The Pakistan Cricket Board (PCB) has decided to buy bulletproof buses for visiting foreign teams. The move was announced yesterday in a statement. Bulletproof buses will help "the PCB to achieve higher security measures for the teams visiting Pakistan in future", the statement added. Test teams have stayed away from Pakistan since 2009 when the Sri Lanka team convoy was attacked, killing six police and a van driver and injuring players and officials.
Serena Williams overcame an erratic serve to beat Li Na 7-6 (1), 6-3 yesterday for her second win in round-robin matches at the WTA Championships. Williams had six double-faults and won only 51 per cent of points on her first serve. But Li also struggled on serve - there were eight breaks in the first set and three more in the second. Williams closed it out on her third match point.
She has won 28 of her past 29 matches and captured Wimbledon, US Open and Olympic titles this year. The highest ranking she can finish at the end of the year is No. 2 because of injuries and missed tournaments.
Anti-corruption group urges cycling body to reform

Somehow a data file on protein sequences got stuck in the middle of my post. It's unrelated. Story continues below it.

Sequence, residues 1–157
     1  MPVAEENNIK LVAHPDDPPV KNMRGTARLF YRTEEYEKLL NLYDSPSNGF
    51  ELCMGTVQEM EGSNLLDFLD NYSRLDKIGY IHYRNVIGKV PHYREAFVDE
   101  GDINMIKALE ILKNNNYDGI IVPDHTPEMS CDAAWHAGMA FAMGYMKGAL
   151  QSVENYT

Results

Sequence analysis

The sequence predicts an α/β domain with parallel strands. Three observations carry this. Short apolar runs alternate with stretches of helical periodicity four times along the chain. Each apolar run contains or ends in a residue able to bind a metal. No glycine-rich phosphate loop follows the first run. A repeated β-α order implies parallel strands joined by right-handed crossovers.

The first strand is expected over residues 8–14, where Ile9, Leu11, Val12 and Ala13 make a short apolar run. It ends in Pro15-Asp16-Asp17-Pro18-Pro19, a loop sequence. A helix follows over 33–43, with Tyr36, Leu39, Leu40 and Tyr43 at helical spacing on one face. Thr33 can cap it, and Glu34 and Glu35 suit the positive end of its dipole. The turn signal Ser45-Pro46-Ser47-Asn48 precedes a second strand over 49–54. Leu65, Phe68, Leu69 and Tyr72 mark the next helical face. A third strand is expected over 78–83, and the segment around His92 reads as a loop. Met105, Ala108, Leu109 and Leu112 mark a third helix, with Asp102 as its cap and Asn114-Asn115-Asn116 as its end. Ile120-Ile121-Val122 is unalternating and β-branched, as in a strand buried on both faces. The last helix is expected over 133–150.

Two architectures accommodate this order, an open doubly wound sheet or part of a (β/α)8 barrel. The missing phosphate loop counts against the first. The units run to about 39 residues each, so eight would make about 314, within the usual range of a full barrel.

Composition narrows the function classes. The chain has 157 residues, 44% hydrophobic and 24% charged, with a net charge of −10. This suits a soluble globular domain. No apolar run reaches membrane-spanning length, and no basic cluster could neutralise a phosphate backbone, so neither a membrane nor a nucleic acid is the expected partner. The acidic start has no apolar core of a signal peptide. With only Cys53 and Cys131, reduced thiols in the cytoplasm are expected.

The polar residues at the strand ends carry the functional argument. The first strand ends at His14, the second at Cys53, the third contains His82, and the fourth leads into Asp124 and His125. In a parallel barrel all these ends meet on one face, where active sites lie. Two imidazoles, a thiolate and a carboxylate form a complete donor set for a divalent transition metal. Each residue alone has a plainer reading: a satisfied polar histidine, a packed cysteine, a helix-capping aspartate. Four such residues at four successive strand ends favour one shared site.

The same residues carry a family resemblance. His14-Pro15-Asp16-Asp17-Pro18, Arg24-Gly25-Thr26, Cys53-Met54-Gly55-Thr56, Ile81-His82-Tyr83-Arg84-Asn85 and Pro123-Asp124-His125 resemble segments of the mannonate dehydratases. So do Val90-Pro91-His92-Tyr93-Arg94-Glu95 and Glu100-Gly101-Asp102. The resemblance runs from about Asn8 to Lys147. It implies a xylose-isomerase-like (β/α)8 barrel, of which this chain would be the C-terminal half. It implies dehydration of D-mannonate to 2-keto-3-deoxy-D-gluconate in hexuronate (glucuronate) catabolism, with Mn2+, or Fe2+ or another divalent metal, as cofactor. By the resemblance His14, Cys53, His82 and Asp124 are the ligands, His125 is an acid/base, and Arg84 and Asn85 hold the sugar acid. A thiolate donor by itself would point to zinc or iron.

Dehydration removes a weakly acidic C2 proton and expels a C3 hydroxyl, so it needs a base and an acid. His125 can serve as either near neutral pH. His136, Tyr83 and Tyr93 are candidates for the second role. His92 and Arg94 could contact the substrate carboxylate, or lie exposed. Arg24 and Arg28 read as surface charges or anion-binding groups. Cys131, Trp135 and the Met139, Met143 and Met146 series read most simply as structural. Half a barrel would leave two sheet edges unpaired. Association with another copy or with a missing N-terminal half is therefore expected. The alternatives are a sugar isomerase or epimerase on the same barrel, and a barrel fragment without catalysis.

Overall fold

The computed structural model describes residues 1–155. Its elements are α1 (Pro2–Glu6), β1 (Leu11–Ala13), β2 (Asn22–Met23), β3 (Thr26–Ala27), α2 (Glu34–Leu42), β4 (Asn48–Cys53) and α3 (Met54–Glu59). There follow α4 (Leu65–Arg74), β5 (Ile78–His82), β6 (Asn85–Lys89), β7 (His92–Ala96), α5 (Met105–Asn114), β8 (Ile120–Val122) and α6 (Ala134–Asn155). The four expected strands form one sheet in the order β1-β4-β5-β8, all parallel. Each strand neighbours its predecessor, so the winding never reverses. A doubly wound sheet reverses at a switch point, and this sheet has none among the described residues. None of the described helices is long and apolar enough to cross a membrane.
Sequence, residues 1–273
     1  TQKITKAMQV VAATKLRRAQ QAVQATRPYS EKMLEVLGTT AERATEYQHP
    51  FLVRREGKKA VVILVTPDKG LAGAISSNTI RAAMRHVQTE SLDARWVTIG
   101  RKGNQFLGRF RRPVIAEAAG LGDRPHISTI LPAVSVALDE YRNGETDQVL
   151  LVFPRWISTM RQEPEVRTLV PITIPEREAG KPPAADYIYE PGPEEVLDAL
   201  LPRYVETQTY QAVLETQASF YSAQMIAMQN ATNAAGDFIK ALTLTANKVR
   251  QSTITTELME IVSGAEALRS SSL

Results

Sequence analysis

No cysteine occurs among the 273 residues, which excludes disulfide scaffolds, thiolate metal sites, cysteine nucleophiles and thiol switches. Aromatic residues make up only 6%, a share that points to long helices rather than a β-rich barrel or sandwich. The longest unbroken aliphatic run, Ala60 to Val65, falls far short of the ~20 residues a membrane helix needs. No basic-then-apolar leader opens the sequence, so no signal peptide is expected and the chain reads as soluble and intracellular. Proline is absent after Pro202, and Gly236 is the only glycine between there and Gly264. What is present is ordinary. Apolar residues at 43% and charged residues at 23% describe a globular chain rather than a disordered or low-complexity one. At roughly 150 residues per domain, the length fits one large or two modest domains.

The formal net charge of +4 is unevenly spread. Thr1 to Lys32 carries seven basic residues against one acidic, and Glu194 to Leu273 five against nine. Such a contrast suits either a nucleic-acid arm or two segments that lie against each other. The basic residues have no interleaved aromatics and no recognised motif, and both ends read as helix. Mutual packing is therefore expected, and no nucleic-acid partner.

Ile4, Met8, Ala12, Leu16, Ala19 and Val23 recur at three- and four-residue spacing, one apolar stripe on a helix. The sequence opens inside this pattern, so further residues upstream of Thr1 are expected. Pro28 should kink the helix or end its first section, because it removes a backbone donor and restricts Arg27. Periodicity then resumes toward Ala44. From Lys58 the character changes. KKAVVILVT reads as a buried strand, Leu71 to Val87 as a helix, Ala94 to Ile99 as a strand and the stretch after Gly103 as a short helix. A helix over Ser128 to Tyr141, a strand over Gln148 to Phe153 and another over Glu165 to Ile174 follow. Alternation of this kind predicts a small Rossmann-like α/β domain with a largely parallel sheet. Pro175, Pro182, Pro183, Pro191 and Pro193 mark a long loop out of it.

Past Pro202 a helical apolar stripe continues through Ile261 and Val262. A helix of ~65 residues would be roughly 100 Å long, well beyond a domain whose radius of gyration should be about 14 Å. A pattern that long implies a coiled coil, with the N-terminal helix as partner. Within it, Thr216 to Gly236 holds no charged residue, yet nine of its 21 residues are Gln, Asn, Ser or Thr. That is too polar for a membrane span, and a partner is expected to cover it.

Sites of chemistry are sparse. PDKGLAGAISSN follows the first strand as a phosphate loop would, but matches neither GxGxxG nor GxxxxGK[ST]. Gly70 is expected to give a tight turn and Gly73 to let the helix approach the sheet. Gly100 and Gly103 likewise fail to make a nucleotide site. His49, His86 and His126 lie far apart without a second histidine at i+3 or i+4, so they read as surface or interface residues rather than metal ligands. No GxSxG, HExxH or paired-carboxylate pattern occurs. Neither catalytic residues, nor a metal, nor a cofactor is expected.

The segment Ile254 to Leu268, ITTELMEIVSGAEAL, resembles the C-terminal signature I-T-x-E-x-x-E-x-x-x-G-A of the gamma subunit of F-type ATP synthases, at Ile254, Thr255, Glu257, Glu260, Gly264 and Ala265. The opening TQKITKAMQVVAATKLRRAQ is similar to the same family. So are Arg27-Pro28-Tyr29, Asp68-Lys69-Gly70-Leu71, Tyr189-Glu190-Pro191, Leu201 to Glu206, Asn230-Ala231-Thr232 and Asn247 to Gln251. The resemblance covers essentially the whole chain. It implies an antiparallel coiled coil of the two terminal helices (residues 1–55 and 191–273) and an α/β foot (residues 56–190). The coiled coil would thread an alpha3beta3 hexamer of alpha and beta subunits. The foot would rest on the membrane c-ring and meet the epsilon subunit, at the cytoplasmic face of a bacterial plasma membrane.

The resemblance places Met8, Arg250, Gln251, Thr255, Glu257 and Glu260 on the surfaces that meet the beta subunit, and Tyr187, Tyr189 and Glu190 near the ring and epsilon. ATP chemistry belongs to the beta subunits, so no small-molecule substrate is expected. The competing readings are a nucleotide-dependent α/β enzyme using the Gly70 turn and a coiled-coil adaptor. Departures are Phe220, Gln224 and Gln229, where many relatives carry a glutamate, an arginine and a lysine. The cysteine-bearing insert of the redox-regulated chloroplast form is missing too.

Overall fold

Anti-corruption adviser Transparency International (TI) says cycling's governing body should respond to the Lance Armstrong doping affair by ordering independent investigations and widespread reforms. TI says cycling has been "scandal-ridden" for years and the International Cycling Union should follow FIFA's lead by asking transparency experts to review its structure.
The not-for-profit group says "bold reforms are needed to win back trust and integrity in competitive cycling". TI suggests a four-step reform process for the UCI, including a code of ethics for officials and better protection for whistleblowers, "so that those who witness wrongdoing feel safe reporting it."